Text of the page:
It was somewhat disappointing and rather concerning as we made our way north on the M6 towards Manchester last Friday morning where the City Airport & Heliport (formerly Barton) was to be the venue for our Young Aviators Day on Saturday 21st July. The clear blue skies and bright sunshine which had become such a welcome and regular feature over the last few weeks, slowly gave way to the more familiar grey clouds which seem to arrive in tandem with school summer holidays. The car radio was tuned to local stations as our motorway journey slowly progressed and each incoming weather forecast did little to lift spirits. Roadworks and heavy traffic reduced our speed to little more than a crawl and then splot, splot, splot on the windscreen …… rain!! Whilst many, particularly the gardeners, would be welcoming the sight of the wet stuff it was really the last thing I needed; so long had it been since we had seen any that I had to think exactly where the wipers were on the car!!

As we checked in to the hotel a text from Emily, event co-ordinator at the airport, informed me that all was in place for tomorrow and that there would be a 09.00 briefing of pilots and volunteers; there was no mention of the weather in fact the text was very positive. As we turned in on Friday night there was just a little drizzle, nothing dramatic but not at all what we wanted.

Saturday morning, 06.30, no drizzle, no sun just grey skies but the weather guy on the breakfast TV programme promised that things were going to improve as the day went on; so a quick brekky and off to the airport where a multitude of hi-vis clad people were already gathering for the briefing scheduled for 15 minutes time. There were the usual introductions and then the yellow clad band split into two groups, pilots following Mark, airport duty manager of the day, for their flight planning briefing and the vast number of ground helpers mostly drawn from the voluntary group “Friends of Barton” all of whom, despite having already been allocated specific tasks, seemed perfectly willing to offer help anywhere.

By the time we got to 09.45 and the first of the Bader Braves began to arrive the skies had lightened quite a bit. Once checked in and formalities completed it was over to Commander Kath who was allocating the youngsters to aeroplanes; stewards were called and the passengers for the first flight of the day were quickly ushered through the gate, escorted to the waiting aeroplane and introduced to their pilot for the day. It was all a very slick operation and continued with the same well organised efficiency throughout the whole event. Braves were now arriving thick and fast but with such a great team on the ground nobody had to wait too long before being called for their flight.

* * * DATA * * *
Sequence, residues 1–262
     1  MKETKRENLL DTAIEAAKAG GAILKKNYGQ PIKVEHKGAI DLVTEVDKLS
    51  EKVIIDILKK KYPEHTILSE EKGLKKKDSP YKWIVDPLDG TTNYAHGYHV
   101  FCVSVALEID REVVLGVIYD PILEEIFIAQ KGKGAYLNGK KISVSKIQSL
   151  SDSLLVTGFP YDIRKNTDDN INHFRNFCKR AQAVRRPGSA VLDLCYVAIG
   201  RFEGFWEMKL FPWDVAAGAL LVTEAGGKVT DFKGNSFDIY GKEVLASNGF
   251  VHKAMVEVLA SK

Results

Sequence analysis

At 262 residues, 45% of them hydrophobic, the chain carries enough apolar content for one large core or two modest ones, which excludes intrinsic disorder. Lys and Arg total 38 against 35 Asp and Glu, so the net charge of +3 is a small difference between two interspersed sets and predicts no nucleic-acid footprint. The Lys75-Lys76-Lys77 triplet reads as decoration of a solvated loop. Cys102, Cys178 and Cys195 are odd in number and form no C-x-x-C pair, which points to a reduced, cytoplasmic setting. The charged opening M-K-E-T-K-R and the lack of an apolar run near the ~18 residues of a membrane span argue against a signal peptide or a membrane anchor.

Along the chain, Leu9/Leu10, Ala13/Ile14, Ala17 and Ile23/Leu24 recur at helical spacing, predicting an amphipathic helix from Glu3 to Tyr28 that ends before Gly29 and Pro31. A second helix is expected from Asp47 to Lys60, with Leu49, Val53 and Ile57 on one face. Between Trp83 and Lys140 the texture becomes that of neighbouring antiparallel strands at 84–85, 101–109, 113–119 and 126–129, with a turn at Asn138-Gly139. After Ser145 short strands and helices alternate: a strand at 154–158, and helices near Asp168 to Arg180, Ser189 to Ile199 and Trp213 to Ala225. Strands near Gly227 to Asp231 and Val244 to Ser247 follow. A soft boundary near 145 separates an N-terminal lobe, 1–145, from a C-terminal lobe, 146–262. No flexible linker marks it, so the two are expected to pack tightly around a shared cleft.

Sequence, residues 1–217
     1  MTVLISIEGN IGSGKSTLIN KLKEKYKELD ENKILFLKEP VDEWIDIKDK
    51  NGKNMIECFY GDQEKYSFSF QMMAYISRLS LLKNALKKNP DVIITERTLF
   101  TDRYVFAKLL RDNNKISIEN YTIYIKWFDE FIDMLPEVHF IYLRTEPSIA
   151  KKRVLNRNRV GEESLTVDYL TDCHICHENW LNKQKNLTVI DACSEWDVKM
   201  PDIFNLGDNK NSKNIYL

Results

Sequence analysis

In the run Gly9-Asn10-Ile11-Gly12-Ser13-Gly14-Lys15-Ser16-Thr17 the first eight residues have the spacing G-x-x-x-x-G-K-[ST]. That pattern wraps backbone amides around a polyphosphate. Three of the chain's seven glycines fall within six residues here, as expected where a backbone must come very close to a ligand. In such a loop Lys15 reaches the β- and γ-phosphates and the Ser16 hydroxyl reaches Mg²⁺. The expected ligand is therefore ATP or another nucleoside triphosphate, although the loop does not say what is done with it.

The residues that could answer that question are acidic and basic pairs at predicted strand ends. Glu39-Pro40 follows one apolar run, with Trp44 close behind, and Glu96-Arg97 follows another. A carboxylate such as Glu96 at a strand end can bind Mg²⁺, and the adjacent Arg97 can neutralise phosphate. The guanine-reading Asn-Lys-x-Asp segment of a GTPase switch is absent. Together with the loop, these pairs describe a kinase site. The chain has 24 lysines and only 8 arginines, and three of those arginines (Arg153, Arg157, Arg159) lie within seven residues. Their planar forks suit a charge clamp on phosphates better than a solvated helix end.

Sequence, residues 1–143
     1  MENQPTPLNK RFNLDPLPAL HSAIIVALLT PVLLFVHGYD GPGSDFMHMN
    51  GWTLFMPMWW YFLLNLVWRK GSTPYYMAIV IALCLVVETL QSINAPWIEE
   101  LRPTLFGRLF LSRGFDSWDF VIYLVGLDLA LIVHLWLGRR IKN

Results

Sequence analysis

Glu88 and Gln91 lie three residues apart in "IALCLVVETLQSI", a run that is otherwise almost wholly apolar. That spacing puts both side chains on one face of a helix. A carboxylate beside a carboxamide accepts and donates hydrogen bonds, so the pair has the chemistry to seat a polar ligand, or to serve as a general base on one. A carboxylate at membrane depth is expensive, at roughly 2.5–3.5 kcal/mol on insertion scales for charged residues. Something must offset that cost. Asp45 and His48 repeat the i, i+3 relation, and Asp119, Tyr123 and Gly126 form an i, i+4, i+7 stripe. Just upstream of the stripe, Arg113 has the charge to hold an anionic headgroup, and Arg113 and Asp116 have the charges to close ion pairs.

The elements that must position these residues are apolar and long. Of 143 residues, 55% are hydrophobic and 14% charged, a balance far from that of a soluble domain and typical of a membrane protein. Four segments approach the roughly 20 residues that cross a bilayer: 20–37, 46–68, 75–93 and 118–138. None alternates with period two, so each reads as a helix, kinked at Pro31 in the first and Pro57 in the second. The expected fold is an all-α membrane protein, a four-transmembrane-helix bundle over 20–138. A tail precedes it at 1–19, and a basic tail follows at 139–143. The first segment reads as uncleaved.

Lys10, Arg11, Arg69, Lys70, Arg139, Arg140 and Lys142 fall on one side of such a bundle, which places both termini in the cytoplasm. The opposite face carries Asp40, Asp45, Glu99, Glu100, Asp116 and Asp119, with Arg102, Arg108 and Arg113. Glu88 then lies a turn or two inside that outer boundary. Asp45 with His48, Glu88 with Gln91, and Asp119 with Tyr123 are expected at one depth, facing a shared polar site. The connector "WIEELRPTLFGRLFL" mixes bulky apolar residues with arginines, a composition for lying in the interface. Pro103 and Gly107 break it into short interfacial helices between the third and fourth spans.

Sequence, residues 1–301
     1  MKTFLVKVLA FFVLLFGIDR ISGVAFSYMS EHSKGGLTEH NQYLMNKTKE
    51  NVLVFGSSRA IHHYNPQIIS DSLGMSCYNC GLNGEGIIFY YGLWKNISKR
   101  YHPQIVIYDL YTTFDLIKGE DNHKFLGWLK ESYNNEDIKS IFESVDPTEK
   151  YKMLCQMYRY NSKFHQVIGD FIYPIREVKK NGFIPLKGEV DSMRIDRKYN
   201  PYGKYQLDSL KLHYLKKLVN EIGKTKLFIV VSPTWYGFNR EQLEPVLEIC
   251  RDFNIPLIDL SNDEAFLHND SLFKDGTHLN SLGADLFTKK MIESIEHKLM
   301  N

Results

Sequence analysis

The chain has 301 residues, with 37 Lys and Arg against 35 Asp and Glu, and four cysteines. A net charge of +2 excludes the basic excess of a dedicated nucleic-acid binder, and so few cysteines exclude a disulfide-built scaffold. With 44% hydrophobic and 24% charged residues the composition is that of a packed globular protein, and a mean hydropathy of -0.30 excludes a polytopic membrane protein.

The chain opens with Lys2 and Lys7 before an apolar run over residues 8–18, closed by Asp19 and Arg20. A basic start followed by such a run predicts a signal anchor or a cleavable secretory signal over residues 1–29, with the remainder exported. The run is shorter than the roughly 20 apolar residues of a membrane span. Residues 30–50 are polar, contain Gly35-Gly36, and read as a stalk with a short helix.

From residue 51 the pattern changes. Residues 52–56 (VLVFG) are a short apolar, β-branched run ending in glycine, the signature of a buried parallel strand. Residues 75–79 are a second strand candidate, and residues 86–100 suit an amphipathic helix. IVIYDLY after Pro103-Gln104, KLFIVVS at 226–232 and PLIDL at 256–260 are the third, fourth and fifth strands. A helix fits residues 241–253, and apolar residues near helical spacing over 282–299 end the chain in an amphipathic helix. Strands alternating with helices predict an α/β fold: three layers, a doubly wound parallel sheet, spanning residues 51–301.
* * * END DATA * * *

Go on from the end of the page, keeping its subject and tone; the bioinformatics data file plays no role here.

Pilots were returning to report that visibility was not ideal and so flight plans were adjusted to give the youngsters the best possible views over the surrounding countryside and urban areas that conditions permitted; it seemed that one of the favourite routes gave views of the Macron Stadium (formerly the Reebok Stadium) home of Bolton Wanderers FC then returning with views across the whole of Manchester. But any change to flight planning had little effect on the enjoyment of the flight on the Braves for, judging by the enormous smiles on their faces when they returned to base, each had enjoyed an unforgettable experience. Things were now running so smoothly that pilots were now offering the Braves a second flight and some of the youngsters were brave enough to don a thermal flight suit and take to the air in a flex-wing microlight aircraft that one of the pilots had made available for the day … he was kept very busy indeed!!

As the Braves returned from flights they were able to take tasty meals prepared by the catering team in the Runway 26 restaurant and provided as part of the day by the Foundation. As they took some down-time more Braves were arriving to take flights in later sessions, some have travelled from as far away as Solihull and Hull.

As lunchtime slipped by the weather seemed to be getting slightly better and the local pilots’ yardstick of a visual on the distant landmark of Winter Hill gave encouragement as it was now in clear view. And so the day continued until around 16.45hrs the Winter Hill marker had once again disappeared in the mist and skies were darkening once more, but no matter, the last of the Braves was airborne and scheduled to land around 17.00; bang on time the final flight of the day touched down and disembarked it excited young passenger. The last certificate presentation was made and the five aircraft that had provided such a great day for the Bader Braves had fallen silent and were being readied for operations the next day.

As we cleared away the paraphernalia of the day, loaded it back into the car and set off to bid farewells to our friends and generous hosts of the day at City Airport & Heliport Manchester one could feel just a little drizzle in the breeze again; by the time we got back to our hotel in Warrington it was raining really quite hard. Now it didn’t matter and I felt smugly pleased for the frustrated gardeners; fantastic day Barton and perfect timing!!

Thank you all so much and, I hope, see you next year!!

 

Please click on the link to see all previous Young Aviators Day reports from 2018 by Keith Delderfield: /bader-braves-news?future=false